TERRIBLE new forms of infectious disease make headlines, but not at the start. Every pandemic begins small. Early indicators can be subtle and ambiguous. When the Next Big One arrives, spreading across oceans and continents like the sweep of nightfall, causing illness and fear, killing thousands or maybe millions of people, it will be signaled first by quiet, puzzling reports from faraway places — reports to which disease scientists and public health officials, but few of the rest of us, pay close attention. Such reports have been coming in recent months from two countries, China and Saudi Arabia. You may have seen the news about H7N9, a new strain of avian flu claiming victims in Shanghai and other Chinese locales. Influenzas always draw notice, and always deserve it, because of their great potential to catch hold, spread fast, circle the world and kill lots of people. But even if you’ve been tracking that bird-flu story, you may not have noticed the little items about a “novel coronavirus on the Arabian Peninsula. This came into view last September, when the Saudi Ministry of Health announced that such a virus — new to science and medicine — had been detected in three patients, two of whom had already died. By the end of the year, a total of nine cases had been confirmed, with five fatalities. As of Thursday, there have been 18 deaths, 33 cases total, including one patient now hospitalized in France after a trip to the United Arab Emirates. Those numbers are tiny by the standards of global pandemics, but here’s one that’s huge: the case fatality rate is 55 percent. The thing seems to be almost as lethal as Ebola. Coronaviruses are a genus of bugs that cause respiratory and gastrointestinal infections, sometimes mild and sometimes fierce, in humans, other mammals and birds. They became infamous by association in 2003 because the agent for severe acute respiratory syndrome, or SARS, is a coronavirus. That one emerged suddenly in southern China, passed from person to person and from Guangzhou to Hong Kong, then went swiftly onward by airplane to Toronto, Singapore and elsewhere. Eventually it sickened about 8,000 people, of whom nearly 10 percent died. If not for fast scientific work to identify the virus and rigorous public health measures to contain it, the total case count and death toll could have been much higher. One authority at the Centers for Disease Control and Prevention, an expert on nasty viruses, told me that the SARS outbreak was the scariest such episode he’d ever seen. That cautionary experience is one reason this novel coronavirus in the Middle East has attracted such concern. Another reason is that coronaviruses as a group are very changeable, very protean, because of their high rates of mutation and their proclivity for recombination: when the viruses replicate, their genetic material is continually being inaccurately copied — and when two virus strains infect a single host cell, it is often intermixed. Such rich genetic variation gives them what one expert has called an “intrinsic evolvability,” a capacity to adapt quickly to new circumstances within new hosts. But hold on. I said that the SARS virus “emerged” in southern China, and that raises the question: emerged from where? Every new disease outbreak starts as a mystery, and among the first things to be solved is the question of source.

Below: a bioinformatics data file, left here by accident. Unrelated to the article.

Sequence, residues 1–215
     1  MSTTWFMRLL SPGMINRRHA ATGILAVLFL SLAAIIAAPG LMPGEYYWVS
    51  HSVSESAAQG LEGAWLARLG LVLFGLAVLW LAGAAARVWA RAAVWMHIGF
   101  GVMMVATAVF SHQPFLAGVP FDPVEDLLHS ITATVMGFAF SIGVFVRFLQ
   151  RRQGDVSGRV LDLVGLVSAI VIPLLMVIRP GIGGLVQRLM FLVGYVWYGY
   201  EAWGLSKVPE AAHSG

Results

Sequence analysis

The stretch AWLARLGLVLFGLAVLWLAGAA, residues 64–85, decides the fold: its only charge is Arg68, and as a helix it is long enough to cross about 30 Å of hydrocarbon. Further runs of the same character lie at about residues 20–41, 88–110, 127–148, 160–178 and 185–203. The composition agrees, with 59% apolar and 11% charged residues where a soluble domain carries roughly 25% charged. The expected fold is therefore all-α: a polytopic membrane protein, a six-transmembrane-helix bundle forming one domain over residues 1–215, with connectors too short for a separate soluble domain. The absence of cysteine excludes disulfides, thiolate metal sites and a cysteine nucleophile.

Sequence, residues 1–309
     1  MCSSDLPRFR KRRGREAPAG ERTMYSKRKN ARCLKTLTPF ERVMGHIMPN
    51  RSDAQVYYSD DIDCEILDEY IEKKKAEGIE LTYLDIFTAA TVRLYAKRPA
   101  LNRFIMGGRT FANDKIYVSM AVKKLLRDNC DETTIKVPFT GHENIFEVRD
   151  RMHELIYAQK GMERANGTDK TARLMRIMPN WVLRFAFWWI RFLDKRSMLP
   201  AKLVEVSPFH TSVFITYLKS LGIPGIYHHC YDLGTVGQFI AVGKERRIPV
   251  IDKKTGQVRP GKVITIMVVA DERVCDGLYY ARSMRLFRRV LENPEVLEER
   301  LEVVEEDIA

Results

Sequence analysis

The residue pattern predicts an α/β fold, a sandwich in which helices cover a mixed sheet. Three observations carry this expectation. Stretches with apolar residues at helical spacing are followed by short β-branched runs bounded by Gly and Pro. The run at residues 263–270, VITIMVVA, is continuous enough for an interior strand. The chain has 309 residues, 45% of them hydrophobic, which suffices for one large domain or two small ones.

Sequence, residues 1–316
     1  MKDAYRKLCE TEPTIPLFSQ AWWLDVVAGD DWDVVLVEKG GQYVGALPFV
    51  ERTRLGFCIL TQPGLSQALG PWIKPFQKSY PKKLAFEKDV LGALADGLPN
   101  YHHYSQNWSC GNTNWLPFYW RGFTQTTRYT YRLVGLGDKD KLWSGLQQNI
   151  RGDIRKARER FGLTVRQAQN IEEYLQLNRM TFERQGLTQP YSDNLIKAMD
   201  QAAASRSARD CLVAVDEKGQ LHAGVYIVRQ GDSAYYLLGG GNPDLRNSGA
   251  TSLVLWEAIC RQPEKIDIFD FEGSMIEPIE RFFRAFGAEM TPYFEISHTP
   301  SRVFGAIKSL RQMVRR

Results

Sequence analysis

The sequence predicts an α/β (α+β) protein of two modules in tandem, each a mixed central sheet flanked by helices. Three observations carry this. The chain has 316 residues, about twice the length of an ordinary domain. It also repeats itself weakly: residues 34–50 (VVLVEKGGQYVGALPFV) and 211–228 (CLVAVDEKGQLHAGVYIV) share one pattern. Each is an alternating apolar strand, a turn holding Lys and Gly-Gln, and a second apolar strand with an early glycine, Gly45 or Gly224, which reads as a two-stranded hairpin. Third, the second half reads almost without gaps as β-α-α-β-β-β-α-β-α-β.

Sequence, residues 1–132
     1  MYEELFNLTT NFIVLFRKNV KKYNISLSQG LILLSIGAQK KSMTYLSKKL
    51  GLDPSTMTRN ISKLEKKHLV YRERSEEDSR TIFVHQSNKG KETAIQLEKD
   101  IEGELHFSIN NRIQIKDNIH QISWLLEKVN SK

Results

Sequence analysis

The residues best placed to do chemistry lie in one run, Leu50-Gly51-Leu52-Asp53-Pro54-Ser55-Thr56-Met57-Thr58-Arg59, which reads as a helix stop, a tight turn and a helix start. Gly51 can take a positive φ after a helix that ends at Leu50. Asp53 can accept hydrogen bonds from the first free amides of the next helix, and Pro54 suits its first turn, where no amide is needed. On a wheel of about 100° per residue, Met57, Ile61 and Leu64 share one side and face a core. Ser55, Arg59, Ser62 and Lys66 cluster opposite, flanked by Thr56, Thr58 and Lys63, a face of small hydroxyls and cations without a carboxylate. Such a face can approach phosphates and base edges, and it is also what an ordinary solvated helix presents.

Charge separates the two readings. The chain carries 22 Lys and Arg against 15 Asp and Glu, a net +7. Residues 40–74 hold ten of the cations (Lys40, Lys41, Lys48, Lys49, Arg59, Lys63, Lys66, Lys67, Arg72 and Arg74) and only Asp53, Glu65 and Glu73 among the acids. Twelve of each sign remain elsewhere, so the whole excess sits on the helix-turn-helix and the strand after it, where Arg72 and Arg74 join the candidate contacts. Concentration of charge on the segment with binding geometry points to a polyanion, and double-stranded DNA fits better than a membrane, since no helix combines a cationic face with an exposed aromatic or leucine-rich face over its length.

In most cases, the answer is wildlife. Sixty percent of our infectious diseases fall within this category, caused by viruses or other microbes known as zoonoses. A zoonosis is an animal infection transmissible to humans. Another bit of special lingo: reservoir host. That’s the animal species in which the zoonotic bug resides endemically, inconspicuously, over time. Some unsuspecting person comes in contact with an infected monkey, ape, rodent or wild goose — or maybe just with a domestic duck that has fed around the same pond as the wild goose — and a virus achieves transcendence, passing from one species of host into another. The disease experts call that event a spillover. Researchers have established that the SARS virus emerged from a bat. The virus may have passed through an intermediate species — another animal, perhaps infected by cage-to-cage contact in one of the crowded live-animal markets of the region — before getting into a person. And while SARS hasn’t recurred, we can assume that the virus still abides in southern China within its reservoir hosts: one or more kinds of bat. Bats, though wondrous and necessary animals, do seem to be disproportionately implicated as reservoir hosts of new zoonotic viruses: Marburg, Hendra, Nipah, Menangle and others. Bats gather in huge, sociable aggregations and have long life spans, circumstances that may be especially hospitable to viruses. And they fly. Traveling nightly to feed, shifting occasionally from one communal roost to another, they carry their infections widely and spread them to one another. As for the novel coronavirus in Saudi Arabia, its reservoir host is still undiscovered. But you can be confident that scientific sleuths are on the case and that they will look closely at Arabian bats, including those that visit the productive date-palm groves at the oases of Al Ahsa, near the Persian Gulf. What can we do? The first obligation is informed awareness. Early reports arrive from afar, seeming exotic and peripheral, but don’t be fooled. One emergent virus, sooner or later, will be the Next Big One. It may show up first in China, in Congo or Bangladesh, or maybe on the Arabian Peninsula; but it will globalize. Most people on earth nowadays live within 24 hours’ travel time of Saudi Arabia. And in October, when millions of people journey to Mecca for the hajj, the Muslim pilgrimage, the lines of connections among humans everywhere will be that much shorter. We can’t detach ourselves from emerging pathogens either by distance or lack of interest. The planet is too small. We’re like the light heavyweight boxer Billy Conn, stepping into the ring with Joe Louis in 1946: we can run, but we can’t hide.